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GCSE Geography

Mathematics - Year 7

Click here to return to our Geography curriculum overview

Below you will find more specific information about the curriculum in Geography for students who have chosen this subject for GCSE, explaining to you what students will learn, when, why and how. There is also information about how parents/carers are able to support students in their learning, extra-curricular opportunities in this subject and how it links to other subjects and the wider world.

While this information covers a broad range of areas, please do get in touch with the Subject Leader Miss Staines if you have any questions.

Please click on the questions below to find out more.

Which exam board will students be examined by?


How are groups organised?

We organise our classes by mixed ability. The students have five one-hour lessons per fortnight.

What characteristics does a successful student have in this subject?

The most successful students in this subject will enjoy learning about the human and physical world around them. They will also be passionate about how change creates opportunities and challenges.

What are the key concepts students will study at this level?

  • Socio-economic change
  • Environmental change
  • Sustainability
  • Development
  • Climate change
  • Creation of landforms

What will students learn at this level?

Component 1: Our Natural World

  1. Global Hazards (Weather Hazards and Tectonic Hazards)
  2. Changing Climate
  3. Distinctive Landscapes (Coastal and River Landscapes)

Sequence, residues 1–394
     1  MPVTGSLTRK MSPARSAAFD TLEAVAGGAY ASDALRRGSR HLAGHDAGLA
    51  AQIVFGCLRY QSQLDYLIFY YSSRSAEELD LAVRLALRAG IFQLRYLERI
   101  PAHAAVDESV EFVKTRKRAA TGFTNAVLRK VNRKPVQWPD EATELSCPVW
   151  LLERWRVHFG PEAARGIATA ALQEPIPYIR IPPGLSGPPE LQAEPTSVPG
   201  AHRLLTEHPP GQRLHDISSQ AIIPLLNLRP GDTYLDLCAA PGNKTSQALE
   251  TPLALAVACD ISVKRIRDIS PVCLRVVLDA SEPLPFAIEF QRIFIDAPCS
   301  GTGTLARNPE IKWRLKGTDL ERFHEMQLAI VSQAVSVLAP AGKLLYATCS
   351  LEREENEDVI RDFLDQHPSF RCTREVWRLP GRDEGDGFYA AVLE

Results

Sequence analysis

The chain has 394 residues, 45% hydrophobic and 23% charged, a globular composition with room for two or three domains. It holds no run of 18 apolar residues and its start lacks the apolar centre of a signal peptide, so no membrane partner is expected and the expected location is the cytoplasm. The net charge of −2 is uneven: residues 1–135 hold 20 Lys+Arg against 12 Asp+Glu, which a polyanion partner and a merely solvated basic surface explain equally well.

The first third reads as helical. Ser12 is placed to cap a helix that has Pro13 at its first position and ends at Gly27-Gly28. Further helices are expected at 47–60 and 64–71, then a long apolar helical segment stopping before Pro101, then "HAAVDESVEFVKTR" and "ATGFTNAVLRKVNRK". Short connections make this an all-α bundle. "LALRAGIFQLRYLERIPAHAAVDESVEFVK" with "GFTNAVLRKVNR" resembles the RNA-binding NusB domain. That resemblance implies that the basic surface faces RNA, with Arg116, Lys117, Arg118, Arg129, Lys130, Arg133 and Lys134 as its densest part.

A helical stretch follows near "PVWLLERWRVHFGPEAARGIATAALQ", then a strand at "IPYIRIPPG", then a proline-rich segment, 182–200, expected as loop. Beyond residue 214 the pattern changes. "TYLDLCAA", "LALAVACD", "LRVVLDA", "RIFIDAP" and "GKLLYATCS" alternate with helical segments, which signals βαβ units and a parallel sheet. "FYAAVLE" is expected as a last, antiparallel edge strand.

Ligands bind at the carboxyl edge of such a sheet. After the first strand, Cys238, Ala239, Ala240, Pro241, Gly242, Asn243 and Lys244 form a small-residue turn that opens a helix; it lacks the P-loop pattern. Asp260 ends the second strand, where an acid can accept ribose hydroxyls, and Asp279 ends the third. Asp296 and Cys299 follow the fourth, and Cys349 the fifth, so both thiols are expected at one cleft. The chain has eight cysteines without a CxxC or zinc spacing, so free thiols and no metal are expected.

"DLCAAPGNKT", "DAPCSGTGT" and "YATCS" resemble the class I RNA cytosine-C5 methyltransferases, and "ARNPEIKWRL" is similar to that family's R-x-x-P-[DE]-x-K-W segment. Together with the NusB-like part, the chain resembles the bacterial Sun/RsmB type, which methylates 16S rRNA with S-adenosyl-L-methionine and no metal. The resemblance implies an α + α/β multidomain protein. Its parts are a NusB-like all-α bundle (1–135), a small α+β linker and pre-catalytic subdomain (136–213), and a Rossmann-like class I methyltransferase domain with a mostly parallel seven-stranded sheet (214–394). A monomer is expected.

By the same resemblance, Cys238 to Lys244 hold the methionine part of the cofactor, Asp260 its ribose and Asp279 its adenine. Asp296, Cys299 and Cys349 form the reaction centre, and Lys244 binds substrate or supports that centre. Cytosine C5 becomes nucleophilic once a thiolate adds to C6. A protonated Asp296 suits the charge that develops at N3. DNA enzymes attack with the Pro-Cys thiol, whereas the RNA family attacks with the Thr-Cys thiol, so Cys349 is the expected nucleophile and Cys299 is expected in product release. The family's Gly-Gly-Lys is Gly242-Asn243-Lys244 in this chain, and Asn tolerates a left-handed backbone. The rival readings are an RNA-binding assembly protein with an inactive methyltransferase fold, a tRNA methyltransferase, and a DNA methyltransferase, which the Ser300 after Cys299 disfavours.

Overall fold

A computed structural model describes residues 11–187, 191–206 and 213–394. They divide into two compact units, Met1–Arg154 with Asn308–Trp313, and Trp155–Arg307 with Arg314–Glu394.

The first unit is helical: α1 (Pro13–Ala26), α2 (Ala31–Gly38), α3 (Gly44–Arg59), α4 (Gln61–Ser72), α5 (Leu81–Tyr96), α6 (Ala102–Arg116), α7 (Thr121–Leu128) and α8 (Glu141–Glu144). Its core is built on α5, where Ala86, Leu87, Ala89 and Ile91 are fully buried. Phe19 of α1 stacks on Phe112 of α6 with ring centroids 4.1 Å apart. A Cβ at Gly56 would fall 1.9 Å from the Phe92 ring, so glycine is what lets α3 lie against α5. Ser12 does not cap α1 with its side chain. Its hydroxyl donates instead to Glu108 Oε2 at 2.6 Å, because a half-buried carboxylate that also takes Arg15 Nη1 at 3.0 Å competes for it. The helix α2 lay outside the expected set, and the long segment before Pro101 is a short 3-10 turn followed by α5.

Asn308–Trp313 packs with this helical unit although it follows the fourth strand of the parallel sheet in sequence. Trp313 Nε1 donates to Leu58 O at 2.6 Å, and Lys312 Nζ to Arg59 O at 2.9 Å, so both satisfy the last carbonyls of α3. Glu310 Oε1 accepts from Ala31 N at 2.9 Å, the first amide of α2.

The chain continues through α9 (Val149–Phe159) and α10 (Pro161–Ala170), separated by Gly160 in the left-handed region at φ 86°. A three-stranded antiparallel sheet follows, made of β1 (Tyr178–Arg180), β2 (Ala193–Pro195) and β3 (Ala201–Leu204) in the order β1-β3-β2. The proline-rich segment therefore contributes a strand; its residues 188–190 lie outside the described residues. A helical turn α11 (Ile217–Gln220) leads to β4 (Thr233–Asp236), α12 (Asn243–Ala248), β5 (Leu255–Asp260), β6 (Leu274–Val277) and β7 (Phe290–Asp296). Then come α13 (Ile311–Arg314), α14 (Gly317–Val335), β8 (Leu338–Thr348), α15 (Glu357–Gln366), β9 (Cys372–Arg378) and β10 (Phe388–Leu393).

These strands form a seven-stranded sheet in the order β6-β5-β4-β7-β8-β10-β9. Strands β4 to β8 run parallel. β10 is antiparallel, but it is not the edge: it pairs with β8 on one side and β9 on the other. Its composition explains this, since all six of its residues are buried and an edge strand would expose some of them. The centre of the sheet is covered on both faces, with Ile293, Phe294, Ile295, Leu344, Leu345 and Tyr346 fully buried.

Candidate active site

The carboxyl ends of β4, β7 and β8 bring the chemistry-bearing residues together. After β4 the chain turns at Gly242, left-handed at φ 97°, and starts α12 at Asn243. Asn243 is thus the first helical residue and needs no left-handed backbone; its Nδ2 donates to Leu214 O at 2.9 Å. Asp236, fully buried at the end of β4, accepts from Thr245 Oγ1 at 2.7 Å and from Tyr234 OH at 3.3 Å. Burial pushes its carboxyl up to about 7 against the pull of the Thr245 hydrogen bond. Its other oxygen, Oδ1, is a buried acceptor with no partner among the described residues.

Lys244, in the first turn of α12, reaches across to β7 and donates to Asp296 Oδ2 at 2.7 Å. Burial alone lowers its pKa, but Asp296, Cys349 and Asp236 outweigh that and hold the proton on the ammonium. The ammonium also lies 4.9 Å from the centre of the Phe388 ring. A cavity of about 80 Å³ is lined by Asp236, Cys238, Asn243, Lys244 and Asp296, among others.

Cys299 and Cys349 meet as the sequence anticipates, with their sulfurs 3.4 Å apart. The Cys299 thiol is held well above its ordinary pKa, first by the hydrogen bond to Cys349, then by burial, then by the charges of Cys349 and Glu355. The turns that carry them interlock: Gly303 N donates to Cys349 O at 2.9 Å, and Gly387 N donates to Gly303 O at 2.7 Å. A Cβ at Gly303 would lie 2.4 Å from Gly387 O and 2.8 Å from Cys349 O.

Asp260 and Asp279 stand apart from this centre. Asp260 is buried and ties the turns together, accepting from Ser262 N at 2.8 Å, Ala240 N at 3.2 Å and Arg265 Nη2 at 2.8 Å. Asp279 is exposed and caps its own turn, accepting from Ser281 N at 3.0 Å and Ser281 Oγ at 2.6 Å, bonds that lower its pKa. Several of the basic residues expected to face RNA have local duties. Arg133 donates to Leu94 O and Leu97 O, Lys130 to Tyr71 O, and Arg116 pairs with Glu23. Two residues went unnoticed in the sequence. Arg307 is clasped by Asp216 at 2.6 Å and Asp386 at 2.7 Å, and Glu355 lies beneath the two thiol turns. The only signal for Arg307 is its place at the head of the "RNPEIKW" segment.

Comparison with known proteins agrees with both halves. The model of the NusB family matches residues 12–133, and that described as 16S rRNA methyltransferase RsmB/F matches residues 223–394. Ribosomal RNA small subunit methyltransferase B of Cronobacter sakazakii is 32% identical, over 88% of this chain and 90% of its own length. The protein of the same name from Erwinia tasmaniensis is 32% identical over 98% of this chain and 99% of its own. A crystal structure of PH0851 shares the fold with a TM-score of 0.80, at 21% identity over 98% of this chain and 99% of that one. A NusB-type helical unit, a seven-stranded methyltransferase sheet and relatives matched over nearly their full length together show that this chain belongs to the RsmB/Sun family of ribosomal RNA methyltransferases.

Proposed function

4. Sustaining Ecosystems

Component 2: People and Society

  1. Urban Futures
  2. Dynamic Development
  3. UK in the 21st Century
  4. Resource Reliance

Component 3: Geographical Exploration

  1. Decision-making Exercise
  2. Fieldwork
  3. Geographical skills

What skills will students develop at this level?

  • Cartographic (map) skills
  • Graphical skills
  • Numerical skills
  • Statistical skills
  • Fieldwork skills
  • Enquiry skills including planning, data presentation, analysis and drawing conclusions
  • Problem solving
  • Teamwork
  • Critical thinking

How will students learn at this level?

  • Group work
  • Exam question practise
  • Independent research
  • Note taking
  • Synthesising notes
  • Annotated diagrams
  • Reading and applying news articles

How will students’ learning be assessed at this level?

Component 1 (Our Natural World) is assessed in a written exam lasting 1 hour and 15 minutes. This exam accounts for 35% of the GCSE.

Component 2 (People and Society) is assessed in a written exam lasting 1 hour and 15 minutes. This exam accounts for 35% of the GCSE.

Unit 3 (Geographical Exploration) is assessed in a written exam lasting 1 hour and 30 minutes. This exam accounts for 30% of the GCSE.

Students will also be internally assessed at the end of every topic in addition to Year 10 and Year 11 mock exams.

When do key assessments take place?

All exams take place at the end of Year 11- please see the exam timetable for the exact dates.

How can parents/carers support students’ learning?